If you manage the relationship, cats and ferrets can enjoy each other’s company. The cat will come to expect playtime with the ferret as part of its routine. This can be for fun for both animals. Just separate them at the first hint of aggression on other side.
Can Cats Live with Pet Rodents?
While cats and ferrets can get along, hamsters, rats and mice should be avoided. You may fare slightly better with a chinchilla or a guinea pig. Even so, these rodents are best kept separate from cats. All rodents risk falling foul of the predator vs. prey divide.
Many rodents, especially hamsters, are escape artists. Life in a cage can be dull for a small pet. This will inspire the rodent to seek freedom. Small animals explore the house, returning to the open when willing to return to their cage.
Cats like to explore, too. What’s more, cats will scent and hear these rodents from distance. Cats are not interested in the etiquette of pets. They will not recognize the rodent as a beloved family member. They’ll just see lunch. Chasing will immediately follow.
Maybe the rodent will see the cat coming and escape. It may even stand and fight back. Some rodents can physically best a cat. This leaves both animals at risk of injury. Applied Animal Behavior Science explains the cat is likelier to emerge victorious, though.
There is also the toll that this psychological stress will take on small animals. Rodents have weak hearts. The stress of being stalked by a cat can provoke cardiac arrest. Even staying in the cage may not protect a rodent from this fate.
If the cat picks up a small animal’s scent, it will hunt it down. This could be to a cage. The cat will then display patience, waiting for the rodent to leave the enclosure. It may also start to paw and scratch at the cage. This will terrify the smaller animal.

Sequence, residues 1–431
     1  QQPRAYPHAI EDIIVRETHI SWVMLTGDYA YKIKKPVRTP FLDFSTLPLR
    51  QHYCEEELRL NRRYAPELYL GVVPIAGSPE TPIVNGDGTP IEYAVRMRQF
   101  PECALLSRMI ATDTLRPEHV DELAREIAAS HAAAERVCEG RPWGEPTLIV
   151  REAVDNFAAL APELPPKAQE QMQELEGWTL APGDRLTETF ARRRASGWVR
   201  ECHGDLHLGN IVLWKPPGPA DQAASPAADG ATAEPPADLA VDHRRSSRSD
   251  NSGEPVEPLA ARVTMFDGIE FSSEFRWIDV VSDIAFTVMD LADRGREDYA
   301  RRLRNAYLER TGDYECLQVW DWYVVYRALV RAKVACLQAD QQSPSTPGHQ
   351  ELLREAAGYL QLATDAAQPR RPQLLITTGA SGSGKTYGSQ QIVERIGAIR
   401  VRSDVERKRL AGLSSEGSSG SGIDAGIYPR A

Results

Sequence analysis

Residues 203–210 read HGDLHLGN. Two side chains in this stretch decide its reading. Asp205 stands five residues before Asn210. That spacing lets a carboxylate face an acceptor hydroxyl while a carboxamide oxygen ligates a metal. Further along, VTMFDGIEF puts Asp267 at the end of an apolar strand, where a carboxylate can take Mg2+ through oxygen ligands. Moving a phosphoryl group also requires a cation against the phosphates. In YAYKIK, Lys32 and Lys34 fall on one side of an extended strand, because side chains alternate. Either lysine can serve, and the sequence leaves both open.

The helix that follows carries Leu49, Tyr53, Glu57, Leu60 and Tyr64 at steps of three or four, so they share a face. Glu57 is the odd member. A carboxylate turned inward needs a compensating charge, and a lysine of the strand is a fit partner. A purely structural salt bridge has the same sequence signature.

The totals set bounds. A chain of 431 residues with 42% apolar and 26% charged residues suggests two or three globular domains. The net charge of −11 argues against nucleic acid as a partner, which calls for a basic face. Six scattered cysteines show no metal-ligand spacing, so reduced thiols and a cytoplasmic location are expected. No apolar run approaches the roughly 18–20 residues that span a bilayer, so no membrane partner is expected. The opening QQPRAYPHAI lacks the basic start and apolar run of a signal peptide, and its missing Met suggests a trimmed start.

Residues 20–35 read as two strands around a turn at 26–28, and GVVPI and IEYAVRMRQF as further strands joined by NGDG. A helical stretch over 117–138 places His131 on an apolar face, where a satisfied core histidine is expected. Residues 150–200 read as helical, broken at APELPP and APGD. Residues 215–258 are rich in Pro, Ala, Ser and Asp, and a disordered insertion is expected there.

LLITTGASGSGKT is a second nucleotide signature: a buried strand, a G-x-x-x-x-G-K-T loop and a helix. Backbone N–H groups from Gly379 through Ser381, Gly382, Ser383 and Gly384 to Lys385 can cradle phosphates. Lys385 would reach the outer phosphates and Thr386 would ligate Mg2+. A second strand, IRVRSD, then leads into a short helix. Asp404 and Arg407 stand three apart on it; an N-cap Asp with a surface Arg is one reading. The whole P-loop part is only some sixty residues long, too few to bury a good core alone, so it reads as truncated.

If you must have rodents and cats in the same house, keep them separated. Keep the rodent in a cage with no access to a cat’s paws. When exercise time arrives, keep the rodent in a ball and lock the cat in a separate room. Ideally though, keep these species apart.
Can I Keep Fish if I Have a Cat?
Fish are another popular pet that cats consider a food source. Fish in a bowl, tank or pond will not smell the same as a tin of tuna. All the same, aquatic pets will never fail to capture a cat’s imagination. The cat may attempt to capture and devour live fish.
A goldfish is an inadvisable pet if you have a cat. This is simple logistics. A small, solitary fish will live in a smaller bowl. This makes it easier for the cat to gain access. The cat may knock a bowl to the ground to gain access to the fish within it.
This may make it easy for the cat to eat the fish. A sad end for your other pet. It’s also potentially dangerous. The cat may cut its paws on a broken bowl. Equally, eating live fish can make cats unwell. Keeping fish in a tank is typically far safer.
A tank filled with exotic fish can provide a cat with entertainment. Just like humans, cats find watching fish relaxing. Just ensure your cat cannot gain access to the tank. Cover the top to make sure your cat doesn’t fall in. Hide the tank at night to help your cat sleep, too.
If you keep fish in a garden pond, protect them from a cat’s attentions. Most cats dislike getting wet. This means they will typically give the pond a wide berth. All the same, cover the pond with wire. This will keep the fish safe and prevent a hunting cat from falling in.
If your cat is lonely, consider getting a second pet. Just remember, all felines have different temperaments. Assess what species you feel your cat will get along with best. Consider a trial run first, too. Bringing a second animal into a cat’s home is not a decision to rush.